Epoch J2000 Equinox J2000
|Right ascension||17h 59m 01.59191s|
|Declination||−09° 46′ 25.0798″|
|Apparent magnitude (V)||+3.332|
|Spectral type||K0 IIIa CN –1|
|U−B color index||+0.873|
|B−V color index||+0.999|
|Radial velocity (Rv)||12.95 ± 0.41 km/s|
|Proper motion (μ)||RA: –9.48 mas/yr
Dec.: –116.69 mas/yr
|Parallax (π)||21.64 ± 0.26 mas|
|Distance||151 ± 2 ly
(46.2 ± 0.6 pc)
|Absolute magnitude (MV)||–0.19|
|Surface gravity (log g)||2.7 cgs|
|Metallicity [Fe/H]||0.02 dex|
|Rotational velocity (v sin i)||2.1 km/s|
Nu Ophiuchi (ν Oph, ν Ophiuchi) is a star in the equatorial constellation of Ophiuchus. The apparent visual magnitude is +3.3, making it one of the brighter members of this constellation. Based upon parallax measurements made during the Hipparcos mission, this star is located about 151 light-years (46 parsecs) from Earth.
Nu Ophiuchi has about three times the mass of the Sun and is roughly 330 million years old. The spectrum of the star matches a stellar classification of K0 IIIa, indicating it is a giant star that has exhausted the supply of hydrogen at its core and evolved away from the main sequence of stars like the Sun. Unusually, it displays an anomalously low abundance of cyanogen for a star of its type. The star's outer envelope has expanded to around 14 times the Sun's radius and now radiates 123 times as much luminosity of the Sun. This energy is being emitted from its outer envelope at an effective temperature of 4,928 K, giving it the cool, orange hue of a K-type star.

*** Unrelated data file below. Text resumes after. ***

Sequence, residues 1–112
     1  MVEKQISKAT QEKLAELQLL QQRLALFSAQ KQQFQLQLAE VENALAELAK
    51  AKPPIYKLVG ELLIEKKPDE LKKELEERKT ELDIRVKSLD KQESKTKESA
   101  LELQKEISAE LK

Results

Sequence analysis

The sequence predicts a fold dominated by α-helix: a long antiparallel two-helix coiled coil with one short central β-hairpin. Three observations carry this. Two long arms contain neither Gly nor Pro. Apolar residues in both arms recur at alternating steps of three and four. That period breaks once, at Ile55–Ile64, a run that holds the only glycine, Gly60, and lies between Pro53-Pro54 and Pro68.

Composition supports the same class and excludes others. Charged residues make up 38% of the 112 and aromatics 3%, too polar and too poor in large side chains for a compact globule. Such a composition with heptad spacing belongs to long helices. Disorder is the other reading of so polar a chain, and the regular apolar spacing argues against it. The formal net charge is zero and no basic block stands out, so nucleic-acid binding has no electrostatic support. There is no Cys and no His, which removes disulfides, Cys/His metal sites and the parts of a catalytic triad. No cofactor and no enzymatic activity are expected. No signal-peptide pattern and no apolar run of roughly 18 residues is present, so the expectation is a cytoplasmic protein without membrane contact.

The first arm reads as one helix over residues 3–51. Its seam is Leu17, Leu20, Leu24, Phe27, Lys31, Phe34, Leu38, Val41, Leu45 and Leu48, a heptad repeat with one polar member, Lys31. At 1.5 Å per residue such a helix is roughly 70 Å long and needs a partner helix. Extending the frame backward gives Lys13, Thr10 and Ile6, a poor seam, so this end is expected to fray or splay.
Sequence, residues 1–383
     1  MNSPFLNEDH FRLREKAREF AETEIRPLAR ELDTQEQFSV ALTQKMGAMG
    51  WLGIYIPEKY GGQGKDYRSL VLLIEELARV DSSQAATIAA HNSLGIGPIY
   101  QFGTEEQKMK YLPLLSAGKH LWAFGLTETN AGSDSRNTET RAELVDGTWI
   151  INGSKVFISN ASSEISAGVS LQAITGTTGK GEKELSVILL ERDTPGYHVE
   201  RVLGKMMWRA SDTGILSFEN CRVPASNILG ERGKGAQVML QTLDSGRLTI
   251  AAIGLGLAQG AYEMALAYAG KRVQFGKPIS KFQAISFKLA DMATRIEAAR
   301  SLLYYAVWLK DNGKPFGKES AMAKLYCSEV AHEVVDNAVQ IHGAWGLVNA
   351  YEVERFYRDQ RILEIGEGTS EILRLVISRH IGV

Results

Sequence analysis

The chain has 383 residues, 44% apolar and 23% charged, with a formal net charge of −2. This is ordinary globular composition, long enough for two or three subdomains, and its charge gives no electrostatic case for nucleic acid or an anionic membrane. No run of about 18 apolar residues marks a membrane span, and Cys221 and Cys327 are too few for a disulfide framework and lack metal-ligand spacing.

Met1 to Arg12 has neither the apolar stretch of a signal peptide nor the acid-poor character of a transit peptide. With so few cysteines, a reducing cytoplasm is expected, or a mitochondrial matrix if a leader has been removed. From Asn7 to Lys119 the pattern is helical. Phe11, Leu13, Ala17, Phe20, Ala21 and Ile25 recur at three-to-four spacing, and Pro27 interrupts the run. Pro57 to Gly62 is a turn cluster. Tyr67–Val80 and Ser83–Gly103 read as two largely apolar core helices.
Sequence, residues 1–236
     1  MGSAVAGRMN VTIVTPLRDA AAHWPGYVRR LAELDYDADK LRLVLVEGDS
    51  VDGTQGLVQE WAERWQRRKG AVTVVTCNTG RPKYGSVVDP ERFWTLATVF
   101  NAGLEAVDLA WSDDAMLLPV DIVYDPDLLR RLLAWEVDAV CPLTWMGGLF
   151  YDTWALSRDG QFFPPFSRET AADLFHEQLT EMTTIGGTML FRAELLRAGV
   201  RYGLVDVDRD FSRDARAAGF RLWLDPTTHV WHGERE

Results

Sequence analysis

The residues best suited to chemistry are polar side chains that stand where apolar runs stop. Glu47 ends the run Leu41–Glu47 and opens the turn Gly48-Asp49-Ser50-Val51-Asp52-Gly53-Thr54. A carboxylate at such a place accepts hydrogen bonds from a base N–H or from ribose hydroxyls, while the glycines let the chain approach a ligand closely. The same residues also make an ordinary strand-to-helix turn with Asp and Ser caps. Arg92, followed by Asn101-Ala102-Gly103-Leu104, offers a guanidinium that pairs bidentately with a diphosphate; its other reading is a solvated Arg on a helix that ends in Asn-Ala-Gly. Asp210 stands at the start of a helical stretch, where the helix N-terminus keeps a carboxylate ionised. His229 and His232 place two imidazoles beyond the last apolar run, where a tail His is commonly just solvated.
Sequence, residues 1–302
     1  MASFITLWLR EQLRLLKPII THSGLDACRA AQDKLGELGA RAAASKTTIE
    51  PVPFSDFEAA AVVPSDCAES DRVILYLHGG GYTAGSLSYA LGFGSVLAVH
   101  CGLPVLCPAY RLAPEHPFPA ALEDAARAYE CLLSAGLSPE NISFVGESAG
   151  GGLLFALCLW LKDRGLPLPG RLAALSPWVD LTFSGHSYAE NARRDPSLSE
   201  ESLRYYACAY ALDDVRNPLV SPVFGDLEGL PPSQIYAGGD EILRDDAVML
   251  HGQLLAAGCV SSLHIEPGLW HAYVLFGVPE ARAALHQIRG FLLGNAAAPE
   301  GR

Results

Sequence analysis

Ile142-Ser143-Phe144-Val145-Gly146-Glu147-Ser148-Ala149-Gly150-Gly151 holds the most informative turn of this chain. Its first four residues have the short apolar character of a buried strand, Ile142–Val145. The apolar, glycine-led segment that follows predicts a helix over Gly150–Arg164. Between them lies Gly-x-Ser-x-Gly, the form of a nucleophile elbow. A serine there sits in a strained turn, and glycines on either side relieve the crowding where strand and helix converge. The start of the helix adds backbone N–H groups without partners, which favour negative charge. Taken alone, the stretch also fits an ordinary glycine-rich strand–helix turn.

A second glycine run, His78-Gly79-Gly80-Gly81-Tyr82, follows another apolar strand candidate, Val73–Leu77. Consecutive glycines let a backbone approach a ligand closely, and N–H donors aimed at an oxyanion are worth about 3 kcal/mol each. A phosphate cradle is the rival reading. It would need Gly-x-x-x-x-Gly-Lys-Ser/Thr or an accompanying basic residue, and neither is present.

This is not a binary star system in the sense of having a gravitationally-bound stellar companion. However, in early 2004, a brown dwarf companion Nu Ophiuchi b was discovered. This sub-stellar companion has at least 21.9 times the mass of Jupiter and takes 536 days (1.47 years) to complete an orbit. A second brown dwarf companion was discovered in 2010, orbiting further from the star with a period of 3,169 days (8.68 years). These have been confirmed in 2012.
(in order from star)
This star is following an orbit through the galaxy that carries the star between 23.4–29.2 kly (7.2–9.0 kpc) from the Galactic Center. As a probable member of the Milky Way's thin disk population, it has a low orbital inclination that carries it no more than about 100 ly (31 pc) above the galactic plane.
This star is sometimes called by the name Sinistra, meaning left side in Latin, although authors like Jim Kaler recommend not using this name, and instead stick to the Bayer designation only (Nu Ophiuchi).
In China, the star is part of 天市左垣 (Tiān Shì Zuǒ Yuán), meaning Left Wall of Heavenly Market Enclosure. The stars in this group include ν Ophiuchi, δ Herculis, λ Herculis, μ Herculis, ο Herculis, 112 Herculis, ζ Aquilae, θ1 Serpentis, η Serpentis, ξ Serpentis and η Ophiuchi. Consequently, ν Ophiuchi itself is known as 天市左垣九 (Tiān Shì Zuǒ Yuán jiǔ, English: the Ninth Star of Left Wall of Heavenly Market Enclosure), and together with ζ Capricorni represents the state Yan (燕) in the Twelve States constellation.
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